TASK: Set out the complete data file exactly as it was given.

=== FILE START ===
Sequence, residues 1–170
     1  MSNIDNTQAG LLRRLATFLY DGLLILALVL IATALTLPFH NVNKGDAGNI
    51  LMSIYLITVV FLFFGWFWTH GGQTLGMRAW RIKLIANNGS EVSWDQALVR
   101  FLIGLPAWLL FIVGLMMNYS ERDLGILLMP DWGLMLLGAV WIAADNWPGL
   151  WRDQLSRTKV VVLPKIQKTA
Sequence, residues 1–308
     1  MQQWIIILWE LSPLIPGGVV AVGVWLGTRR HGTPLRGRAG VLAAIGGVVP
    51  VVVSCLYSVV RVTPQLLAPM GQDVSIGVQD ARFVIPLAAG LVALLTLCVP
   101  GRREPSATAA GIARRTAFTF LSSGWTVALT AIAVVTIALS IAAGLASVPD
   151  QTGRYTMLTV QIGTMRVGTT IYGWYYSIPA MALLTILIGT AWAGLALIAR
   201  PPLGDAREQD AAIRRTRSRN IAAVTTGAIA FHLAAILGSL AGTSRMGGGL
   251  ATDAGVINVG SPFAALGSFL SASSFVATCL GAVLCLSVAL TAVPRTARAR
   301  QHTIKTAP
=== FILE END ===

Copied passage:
Sequence, residues 1–170
     1  MSNIDNTQAG LLRRLATFLY DGLLILALVL IATALTLPFH NVNKGDAGNI
    51  LMSIYLITVV FLFFGWFWTH GGQTLGMRAW RIKLIANNGS EVSWDQALVR
   101  FLIGLPAWLL FIVGLMMNYS ERDLGILLMP DWGLMLLGAV WIAADNWPGL
   151  WRDQLSRTKV VVLPKIQKTA
Sequence, residues 1–308
     1  MQQWIIILWE LSPLIPGGVV AVGVWLGTRR HGTPLRGRAG VLAAIGGVVP
    51  VVVSCLYSVV RVTPQLLAPM GQDVSIGVQD ARFVIPLAAG LVALLTLCVP
   101  GRREPSATAA GIARRTAFTF LSSGWTVALT AIAVVTIALS IAAGLASVPD
   151  QTGRYTMLTV QIGTMRVGTT IYGWYYSIPA MALLTILIGT AWAGLALIAR
   201  PPLGDAREQD AAIRRTRSRN IAAVTTGAIA FHLAAILGSL AGTSRMGGGL
   251  ATDAGVINVG SPFAALGSFL SASSFVATCL GAVLCLSVAL TAVPRTARAR
   301  QHTIKTAP